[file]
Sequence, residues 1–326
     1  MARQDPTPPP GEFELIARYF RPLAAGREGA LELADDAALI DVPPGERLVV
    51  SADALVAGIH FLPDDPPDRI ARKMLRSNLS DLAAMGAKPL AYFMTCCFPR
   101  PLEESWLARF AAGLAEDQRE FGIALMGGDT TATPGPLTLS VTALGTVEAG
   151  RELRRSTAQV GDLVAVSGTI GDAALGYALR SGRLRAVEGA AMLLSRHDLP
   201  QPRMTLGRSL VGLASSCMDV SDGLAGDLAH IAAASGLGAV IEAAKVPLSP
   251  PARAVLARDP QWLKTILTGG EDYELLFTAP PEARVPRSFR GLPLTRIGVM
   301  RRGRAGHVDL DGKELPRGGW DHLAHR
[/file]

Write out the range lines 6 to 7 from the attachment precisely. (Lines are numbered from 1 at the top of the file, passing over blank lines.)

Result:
   201  QPRMTLGRSL VGLASSCMDV SDGLAGDLAH IAAASGLGAV IEAAKVPLSP
   251  PARAVLARDP QWLKTILTGG EDYELLFTAP PEARVPRSFR GLPLTRIGVM